Using Telemetry to Measure Equipment Mission Life on the NASA Orion Spacecraft for Increasing Astronaut SafetyLosik, Len; Failure Analysis (International Foundation for Telemetering, 2012-10)The surprise failure of two NASA Space Shuttles and the premature failures of satellite subsystem equipment on NASA satellites are motivating NASA to adopt an engineering discipline specifically developed for preventing surprise equipment failures. The NASA Orion spacecraft is an Apollo module-like capsule planned to replace the NASA Space Shuttle reusable launch vehicle for getting astronauts to space and return to the earth safely as well as a crew escape vehicle stored at the ISS. To do so, NASA is adopting a non-Markov reliability paradigm for measuring equipment life based on the prognostic and health management program on the Air Force F-35 Joint Strike Fighter. The decision is based on the results from the prognostic analysis completed on the Space Shuttle Challenger and Columbia that identified the information that was present but was ignored for a variety of reasons prior to both accidents. The goal of a PHM is to produce equipment that will not fail prematurely and includes using predictive algorithms to measure equipment usable life. Equipment with transient behavior, missed by engineering analysis is caused from accelerated of parts will fail prematurely with 100% certainty. With the processing speed of today's processors, transient behavior is caused from at least one part suffering from accelerated aging. Transient behavior is illustrated in equipment telemetry in a prognostic analysis but not in an engineering analysis. Telemetry is equipment performance information and equipment performance has been used to increase reliability, but performance is unrelated to equipment remaining usable life and so equipment should be failing prematurely. A PHM requires equipment telemetry for analysis and so analog telemetry will be available from all Orion avionics equipment. Replacing equipment with a measured remaining usable life of less than one year will stop the premature and surprise equipment failures from occurring during future manned and unmanned space missions.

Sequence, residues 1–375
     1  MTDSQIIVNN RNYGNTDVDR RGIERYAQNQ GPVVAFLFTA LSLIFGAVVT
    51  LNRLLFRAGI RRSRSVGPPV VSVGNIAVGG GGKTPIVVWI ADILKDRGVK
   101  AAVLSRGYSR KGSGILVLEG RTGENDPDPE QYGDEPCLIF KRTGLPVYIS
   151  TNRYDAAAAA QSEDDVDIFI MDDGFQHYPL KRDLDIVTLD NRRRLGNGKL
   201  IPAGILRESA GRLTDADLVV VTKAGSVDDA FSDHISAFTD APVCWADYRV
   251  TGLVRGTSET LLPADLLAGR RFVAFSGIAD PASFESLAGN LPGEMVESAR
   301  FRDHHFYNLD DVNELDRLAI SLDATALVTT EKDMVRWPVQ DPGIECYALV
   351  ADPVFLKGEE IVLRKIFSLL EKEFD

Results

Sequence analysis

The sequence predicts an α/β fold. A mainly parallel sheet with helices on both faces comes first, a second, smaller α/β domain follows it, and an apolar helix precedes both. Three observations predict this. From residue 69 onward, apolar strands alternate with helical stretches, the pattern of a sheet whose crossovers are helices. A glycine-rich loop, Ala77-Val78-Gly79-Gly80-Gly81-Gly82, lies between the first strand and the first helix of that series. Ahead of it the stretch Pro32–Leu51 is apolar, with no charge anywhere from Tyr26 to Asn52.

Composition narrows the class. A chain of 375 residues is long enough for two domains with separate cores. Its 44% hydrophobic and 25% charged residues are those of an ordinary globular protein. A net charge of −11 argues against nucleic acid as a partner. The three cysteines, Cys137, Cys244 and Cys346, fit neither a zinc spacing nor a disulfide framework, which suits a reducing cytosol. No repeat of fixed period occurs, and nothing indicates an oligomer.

An Adaptable Spacecraft Telemetry SystemMaxwell, Marvin S.; Silverman, Joseph R.; Czarcinski, Eugene A.; Goddard Space Flight Center (International Foundation for Telemetering, 1965-05)Because of the limitations of hardwired telemetry systems, existing spacecraft are denied the capability of revising their sampling structure, their sampling rates, or the experiments and/or test points to be sampled. A centralized system to provide these capabilities is described in this paper. This system is called the Flexible Automatic Computer Telemetry System (FACTS). As initially conceived, the FACTS, through the use of a stored program, will be able to sample a large number of channels with great flexibility in sampling rates, sampling structure and the selection of experiments and/or test points. This paper outlines the basic spacecraft and ground station system and illustrates the flexibility which can be achieved with it. Selected diagrams are given along with a description of the operation of the various units in the system.